I am in Paris (where Fetes de Meres is not until June 7). This coming Sunday, May 7, is the first American Mother’s Day (if memory serves me,which it often doesn’t!) that I haven’t been with at least one of my two children. I suppose I’m fortunate to have had so many other Mother’s Days with them Or maybe I should consider myself lucky this year. We all know that it’s just a Hallmark holiday. And isn’t every day supposed to be Mother’s Day? Yeah, right.
Cynicism aside, this can be a hard day for mothers and daughters. Those of us whose mothers have died feel the loss even more acutely. And some women can’t stand being with their mothers, not even for one day. But even close mother/daughter duos have “moments.” Who needs the pressure to have a “good” Mother’s Day? As the family grows and changes, you also step parents and in-laws and all their ideas, potentially making the day more strained than celebratory. Plans bump up against prior traditions: “Mother’s Day has always been at my sister’s house” is met with, “But our family goes to the Pancake House.”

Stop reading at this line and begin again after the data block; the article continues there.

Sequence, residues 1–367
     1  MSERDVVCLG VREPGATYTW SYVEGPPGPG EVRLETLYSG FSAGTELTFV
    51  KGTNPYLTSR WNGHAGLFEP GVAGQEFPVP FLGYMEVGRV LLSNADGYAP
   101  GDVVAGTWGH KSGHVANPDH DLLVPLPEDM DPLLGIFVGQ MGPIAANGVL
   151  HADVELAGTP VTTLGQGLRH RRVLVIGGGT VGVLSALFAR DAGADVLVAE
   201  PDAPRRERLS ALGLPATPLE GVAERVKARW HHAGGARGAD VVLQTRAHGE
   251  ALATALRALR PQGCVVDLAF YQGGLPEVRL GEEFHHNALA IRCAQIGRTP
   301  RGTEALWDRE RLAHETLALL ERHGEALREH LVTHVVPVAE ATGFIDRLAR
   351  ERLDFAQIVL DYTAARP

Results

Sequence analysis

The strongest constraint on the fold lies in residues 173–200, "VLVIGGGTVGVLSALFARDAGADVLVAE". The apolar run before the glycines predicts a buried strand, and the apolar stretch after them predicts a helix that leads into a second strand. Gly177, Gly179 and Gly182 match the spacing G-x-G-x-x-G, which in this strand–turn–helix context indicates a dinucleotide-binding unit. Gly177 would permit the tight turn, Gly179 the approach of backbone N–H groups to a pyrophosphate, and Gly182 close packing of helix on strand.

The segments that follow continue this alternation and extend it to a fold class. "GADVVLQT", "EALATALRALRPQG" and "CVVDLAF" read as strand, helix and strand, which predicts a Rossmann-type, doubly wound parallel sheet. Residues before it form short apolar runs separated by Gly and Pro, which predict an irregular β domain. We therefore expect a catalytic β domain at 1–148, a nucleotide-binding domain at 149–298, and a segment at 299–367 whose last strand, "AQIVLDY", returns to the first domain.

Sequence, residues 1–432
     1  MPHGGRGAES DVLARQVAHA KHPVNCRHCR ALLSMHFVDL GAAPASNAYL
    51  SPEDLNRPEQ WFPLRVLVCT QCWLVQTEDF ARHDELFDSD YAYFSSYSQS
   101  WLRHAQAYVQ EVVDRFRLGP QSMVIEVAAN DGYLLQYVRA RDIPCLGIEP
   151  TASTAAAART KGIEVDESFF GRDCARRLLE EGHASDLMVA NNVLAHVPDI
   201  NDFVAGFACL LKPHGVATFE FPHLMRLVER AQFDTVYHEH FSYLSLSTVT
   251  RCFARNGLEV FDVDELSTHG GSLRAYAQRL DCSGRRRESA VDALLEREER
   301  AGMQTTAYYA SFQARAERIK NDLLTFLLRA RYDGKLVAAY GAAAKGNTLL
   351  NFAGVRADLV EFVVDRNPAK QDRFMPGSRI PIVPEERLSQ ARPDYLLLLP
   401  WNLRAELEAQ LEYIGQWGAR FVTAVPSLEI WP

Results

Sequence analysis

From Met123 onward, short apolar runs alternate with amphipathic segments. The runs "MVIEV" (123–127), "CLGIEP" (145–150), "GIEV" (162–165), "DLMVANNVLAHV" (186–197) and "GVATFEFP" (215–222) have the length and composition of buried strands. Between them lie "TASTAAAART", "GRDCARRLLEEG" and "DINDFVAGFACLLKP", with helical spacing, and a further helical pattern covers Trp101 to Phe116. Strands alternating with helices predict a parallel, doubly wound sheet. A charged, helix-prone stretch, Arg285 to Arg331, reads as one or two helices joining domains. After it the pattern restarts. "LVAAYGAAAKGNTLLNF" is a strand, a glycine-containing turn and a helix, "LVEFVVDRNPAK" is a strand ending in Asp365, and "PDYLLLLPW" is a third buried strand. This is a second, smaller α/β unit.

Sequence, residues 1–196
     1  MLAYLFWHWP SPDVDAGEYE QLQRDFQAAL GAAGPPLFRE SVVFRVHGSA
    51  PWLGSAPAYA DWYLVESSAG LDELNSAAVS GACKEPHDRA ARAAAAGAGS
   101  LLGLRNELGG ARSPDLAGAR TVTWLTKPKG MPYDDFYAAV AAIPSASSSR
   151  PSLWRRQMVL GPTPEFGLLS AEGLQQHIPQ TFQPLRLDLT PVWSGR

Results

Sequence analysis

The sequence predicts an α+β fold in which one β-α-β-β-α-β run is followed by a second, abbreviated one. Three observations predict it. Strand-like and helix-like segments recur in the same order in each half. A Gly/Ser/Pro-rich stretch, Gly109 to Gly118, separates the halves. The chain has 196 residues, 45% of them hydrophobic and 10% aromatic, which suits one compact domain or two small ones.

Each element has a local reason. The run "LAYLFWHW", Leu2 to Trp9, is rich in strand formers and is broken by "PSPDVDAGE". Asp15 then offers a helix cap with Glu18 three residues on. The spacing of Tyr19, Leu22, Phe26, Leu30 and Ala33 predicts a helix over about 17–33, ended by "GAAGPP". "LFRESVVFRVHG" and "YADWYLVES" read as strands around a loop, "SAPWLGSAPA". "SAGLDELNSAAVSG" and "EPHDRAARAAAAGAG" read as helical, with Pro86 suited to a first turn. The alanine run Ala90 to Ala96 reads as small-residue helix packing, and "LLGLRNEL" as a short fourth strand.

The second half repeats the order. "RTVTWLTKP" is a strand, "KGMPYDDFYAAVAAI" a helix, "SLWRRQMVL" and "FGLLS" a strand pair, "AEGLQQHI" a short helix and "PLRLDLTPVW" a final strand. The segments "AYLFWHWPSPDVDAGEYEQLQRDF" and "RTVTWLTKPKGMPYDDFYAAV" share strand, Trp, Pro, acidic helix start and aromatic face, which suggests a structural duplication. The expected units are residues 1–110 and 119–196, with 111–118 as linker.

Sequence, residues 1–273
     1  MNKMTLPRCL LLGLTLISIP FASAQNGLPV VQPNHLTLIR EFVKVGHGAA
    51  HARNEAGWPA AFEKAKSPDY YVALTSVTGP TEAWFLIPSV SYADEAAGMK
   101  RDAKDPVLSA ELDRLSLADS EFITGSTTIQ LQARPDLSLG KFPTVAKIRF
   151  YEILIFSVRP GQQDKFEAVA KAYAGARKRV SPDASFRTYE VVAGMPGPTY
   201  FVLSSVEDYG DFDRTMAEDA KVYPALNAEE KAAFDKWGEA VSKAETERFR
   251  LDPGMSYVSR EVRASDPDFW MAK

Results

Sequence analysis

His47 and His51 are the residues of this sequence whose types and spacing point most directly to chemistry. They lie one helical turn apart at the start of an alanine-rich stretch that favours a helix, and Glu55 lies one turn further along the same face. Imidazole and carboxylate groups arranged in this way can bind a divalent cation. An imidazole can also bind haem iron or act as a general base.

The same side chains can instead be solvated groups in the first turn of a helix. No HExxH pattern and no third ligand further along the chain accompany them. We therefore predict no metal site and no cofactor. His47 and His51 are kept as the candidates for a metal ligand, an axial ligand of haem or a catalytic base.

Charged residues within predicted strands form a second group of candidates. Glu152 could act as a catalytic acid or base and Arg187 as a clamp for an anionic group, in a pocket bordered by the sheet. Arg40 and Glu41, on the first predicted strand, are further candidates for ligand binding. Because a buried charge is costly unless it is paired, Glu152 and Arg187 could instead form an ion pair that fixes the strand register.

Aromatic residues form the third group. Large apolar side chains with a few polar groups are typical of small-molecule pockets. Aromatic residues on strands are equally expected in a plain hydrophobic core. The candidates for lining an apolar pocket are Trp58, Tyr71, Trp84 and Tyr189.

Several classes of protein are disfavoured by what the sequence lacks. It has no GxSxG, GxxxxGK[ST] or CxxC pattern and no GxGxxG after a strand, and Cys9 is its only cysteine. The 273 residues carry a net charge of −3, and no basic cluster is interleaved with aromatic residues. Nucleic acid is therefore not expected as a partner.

The good news is that any relationship can shift toward a more positive direction. In her “5 Ways to Strengthen the Bond with Mom”– just published on The Buzz — relationship expert Terry Orbuch directs her advice to daughters. Here’s a few points we older-generation mothers ought to remember as Mother’s Day approaches. After all, now it’s their day, too!
1. Make a gratitude list. Just as Orbach advises daughters not to focus on what Mom does wrong, it’s a good idea for mothers to “take 10 minutes and write down a handful of things you really appreciate” about your daughter, too. No one is all bad all the time, and humans have an unfortunate tendency to elevate the negatives. Consciously listing the good will help you gain a balanced perspective. And by the way, if you have trouble thinking of what’s she’s “given” you, just look at your grandchildren! (more…)